Anders Ericsson, Brooke Macnamara, piano addict

Does practice make perfect?

WQXR F.M. (NYC based) has posted its latest set of meta-based analyses of “deliberate practice” studies. (A mouthful of confusion to begin with!)

Three researchers teamed up to discount the wise old adage that “practice makes perfect.” (In their probings, they were “virtuosity” centered) The trio concluded that a much smaller percentage of so-called high-powered “experts” in their respective fields were churned out by mega-practicing regimens. (Dr. Brooke Macnamara was their spokesperson)

Yet starting with the simplistic premise that all kinds of “practice” produce high end results is an exaggeration of the truth.

As I listened to the WQXR delivered Podcast I became increasingly confused. It lumped so many ingredients into a befuddled menu and concluded with Moderator, Naomi Lewin, making matters worse by bringing up Lang Lang’s abusive father as the spark of his bedazzling career. Her verbal counterpoint in the music realm, suggested that researchers should add emotional abuse to the virtuoso breeding ground.

The only participant that made any sense, in my humble opinion, was Dr. Anders Ericsson, who addressed the whole matter in the context of high quality student/teacher interaction plus long hours of finite, well-focused practicing. Naturally, innate musical gifts were part of the parcel. (Thank Goddess his 1993 based studies had GRAVITY, WEIGHT, and substance, not AIRY, UP IN THE CLOUDS pronouncements floating away all sense of REASON)

Likewise, comments that followed the podcast were as earthy as Dr. Ericsson’s approach and demeanor. (He had insisted that Millennium meta-researchers failed to isolate the mentoring factor in their “expertise” collations)

Riveting words posted by Emily White, a piano teacher at the Special Music School in New York City, intelligently framed practicing, its context, and value in seeding and growing exceptional musical expression. (Italics, for emphases, are mine)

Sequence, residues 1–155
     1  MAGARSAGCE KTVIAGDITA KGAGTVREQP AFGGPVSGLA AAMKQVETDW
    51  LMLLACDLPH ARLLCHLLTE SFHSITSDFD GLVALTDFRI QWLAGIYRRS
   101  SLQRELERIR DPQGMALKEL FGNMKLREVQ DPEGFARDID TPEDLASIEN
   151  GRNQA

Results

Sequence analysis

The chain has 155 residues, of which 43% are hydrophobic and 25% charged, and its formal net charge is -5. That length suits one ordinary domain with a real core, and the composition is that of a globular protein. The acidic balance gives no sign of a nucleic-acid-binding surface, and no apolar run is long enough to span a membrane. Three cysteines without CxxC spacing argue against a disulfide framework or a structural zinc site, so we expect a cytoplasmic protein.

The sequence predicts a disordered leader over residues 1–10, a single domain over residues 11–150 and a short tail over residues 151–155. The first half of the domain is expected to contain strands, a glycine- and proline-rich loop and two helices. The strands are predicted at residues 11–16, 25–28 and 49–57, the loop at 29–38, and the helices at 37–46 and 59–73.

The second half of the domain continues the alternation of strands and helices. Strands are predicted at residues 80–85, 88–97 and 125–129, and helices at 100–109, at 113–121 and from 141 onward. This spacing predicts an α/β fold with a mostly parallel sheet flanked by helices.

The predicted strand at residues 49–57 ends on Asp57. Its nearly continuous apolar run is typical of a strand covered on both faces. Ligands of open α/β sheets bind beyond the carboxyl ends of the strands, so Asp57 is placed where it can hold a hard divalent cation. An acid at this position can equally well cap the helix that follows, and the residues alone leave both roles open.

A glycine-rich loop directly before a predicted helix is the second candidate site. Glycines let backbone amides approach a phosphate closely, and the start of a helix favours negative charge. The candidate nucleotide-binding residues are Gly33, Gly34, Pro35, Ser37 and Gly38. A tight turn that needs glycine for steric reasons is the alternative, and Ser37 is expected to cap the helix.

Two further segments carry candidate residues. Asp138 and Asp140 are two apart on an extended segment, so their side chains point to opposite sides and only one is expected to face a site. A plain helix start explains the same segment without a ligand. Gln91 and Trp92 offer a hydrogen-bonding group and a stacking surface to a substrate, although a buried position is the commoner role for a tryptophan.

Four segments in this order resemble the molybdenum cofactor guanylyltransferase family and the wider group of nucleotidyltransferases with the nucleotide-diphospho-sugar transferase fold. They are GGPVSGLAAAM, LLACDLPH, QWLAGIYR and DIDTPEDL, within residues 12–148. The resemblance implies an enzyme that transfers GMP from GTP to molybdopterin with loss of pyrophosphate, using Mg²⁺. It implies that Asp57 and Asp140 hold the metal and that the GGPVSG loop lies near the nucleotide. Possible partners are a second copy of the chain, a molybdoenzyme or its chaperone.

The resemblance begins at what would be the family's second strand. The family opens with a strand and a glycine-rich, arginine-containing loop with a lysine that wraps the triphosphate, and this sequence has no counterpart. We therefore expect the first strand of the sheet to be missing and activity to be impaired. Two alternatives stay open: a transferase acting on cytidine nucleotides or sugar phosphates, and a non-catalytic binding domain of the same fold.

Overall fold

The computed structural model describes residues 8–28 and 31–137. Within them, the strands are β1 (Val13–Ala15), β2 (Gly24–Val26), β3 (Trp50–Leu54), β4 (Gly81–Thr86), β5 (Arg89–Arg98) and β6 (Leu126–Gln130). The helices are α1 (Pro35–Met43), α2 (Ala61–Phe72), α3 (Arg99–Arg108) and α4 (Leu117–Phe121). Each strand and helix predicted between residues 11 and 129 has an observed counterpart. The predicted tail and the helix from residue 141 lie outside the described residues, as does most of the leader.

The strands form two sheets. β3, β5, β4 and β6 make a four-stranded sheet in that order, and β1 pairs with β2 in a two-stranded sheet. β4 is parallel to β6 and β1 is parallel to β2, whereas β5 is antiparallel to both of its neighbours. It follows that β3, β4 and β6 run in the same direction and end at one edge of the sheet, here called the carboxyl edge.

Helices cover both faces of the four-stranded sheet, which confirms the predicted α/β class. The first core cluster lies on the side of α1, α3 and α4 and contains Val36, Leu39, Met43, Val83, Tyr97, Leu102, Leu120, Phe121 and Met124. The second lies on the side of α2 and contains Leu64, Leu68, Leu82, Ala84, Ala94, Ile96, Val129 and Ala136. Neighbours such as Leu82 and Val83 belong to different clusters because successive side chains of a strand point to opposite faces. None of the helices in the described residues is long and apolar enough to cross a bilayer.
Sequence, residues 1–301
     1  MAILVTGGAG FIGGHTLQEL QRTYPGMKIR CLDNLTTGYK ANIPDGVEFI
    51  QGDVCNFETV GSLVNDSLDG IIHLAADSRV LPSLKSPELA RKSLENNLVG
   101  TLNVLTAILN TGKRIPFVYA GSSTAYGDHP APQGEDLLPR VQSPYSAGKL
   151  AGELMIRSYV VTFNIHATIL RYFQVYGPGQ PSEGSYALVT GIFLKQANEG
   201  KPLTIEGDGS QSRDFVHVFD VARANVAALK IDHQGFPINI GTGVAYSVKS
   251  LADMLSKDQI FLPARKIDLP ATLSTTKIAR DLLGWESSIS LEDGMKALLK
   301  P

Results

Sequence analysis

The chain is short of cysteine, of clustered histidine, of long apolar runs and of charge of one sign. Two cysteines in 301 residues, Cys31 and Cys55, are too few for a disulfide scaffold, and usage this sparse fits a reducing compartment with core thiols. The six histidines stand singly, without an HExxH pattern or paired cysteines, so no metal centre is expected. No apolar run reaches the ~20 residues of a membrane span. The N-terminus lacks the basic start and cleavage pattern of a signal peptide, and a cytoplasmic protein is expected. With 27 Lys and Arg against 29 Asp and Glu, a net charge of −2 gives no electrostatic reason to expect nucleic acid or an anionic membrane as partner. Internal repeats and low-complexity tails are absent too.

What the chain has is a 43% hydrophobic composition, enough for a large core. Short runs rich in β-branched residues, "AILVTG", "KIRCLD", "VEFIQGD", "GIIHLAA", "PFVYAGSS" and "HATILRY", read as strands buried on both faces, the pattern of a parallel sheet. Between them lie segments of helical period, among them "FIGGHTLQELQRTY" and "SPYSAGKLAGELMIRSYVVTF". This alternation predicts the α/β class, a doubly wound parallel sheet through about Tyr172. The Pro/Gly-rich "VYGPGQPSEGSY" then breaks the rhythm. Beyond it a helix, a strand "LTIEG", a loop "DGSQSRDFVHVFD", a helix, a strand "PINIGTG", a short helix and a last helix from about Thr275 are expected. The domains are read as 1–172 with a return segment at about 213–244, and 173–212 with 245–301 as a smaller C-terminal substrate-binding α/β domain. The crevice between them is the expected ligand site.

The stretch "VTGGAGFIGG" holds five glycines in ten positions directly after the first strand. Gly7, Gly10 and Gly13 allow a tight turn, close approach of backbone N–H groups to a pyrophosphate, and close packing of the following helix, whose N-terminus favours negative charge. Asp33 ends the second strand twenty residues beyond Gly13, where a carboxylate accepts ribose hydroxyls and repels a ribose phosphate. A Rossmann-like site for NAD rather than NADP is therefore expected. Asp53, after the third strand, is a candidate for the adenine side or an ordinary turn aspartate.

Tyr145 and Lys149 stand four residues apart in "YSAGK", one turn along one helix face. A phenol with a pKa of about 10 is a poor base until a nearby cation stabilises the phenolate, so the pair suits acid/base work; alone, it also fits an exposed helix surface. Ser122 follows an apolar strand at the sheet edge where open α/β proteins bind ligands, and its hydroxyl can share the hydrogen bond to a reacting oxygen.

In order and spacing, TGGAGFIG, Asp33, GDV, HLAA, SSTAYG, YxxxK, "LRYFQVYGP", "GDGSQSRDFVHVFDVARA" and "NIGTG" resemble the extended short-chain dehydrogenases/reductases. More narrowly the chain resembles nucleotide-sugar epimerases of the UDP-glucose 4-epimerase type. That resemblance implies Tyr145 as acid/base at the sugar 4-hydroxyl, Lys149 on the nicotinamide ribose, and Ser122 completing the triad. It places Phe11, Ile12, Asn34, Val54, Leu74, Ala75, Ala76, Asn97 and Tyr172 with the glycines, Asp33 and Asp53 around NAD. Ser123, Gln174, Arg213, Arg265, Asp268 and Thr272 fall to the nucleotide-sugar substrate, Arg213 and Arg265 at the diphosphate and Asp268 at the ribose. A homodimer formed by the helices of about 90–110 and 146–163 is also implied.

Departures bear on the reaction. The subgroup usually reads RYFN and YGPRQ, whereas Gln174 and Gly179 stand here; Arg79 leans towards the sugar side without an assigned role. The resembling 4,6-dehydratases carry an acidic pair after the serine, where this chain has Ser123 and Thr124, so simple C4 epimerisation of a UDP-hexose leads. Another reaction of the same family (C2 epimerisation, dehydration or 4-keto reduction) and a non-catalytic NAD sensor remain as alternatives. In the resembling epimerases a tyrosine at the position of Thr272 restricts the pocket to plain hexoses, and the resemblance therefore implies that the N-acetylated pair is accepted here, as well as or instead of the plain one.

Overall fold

“Time is important, but there are many functions served by musical repetition toward the attainment of goals that are more efficiently managed by a compatible mentor than by hours of isolated discipline: first, the decoding of notation, the tightening or loosening of strict rhythmic pulse, the incremental building of speed and note articulation, and the solution of the spatial-muscular problems associated with the instrument; but later, the exploration of sound colors and the communication of the world-view and psychology of a composer, the use of imagination and taste in portraying the composer’s theoretical style, and the simmering of meditative processes that will give authority to a performance. A teacher’s pedagogical lineage and personal attention can affect the progress of a student as much as the expenditure of time, shaving hours off the excess hacking mistakenly called practice and interspersing moments of leisure and reflection in order to foster meaningful, healthy playing.”

Ms. White should have been invited to the WXQR studio in the heat of the music-related exchange. After all, why compare Scrabble playing to high level, expressive music-making in the first place?

Examining bulk area expertise and managing to conjoin musical virtuosity into the mix was a half-baked effort at best.

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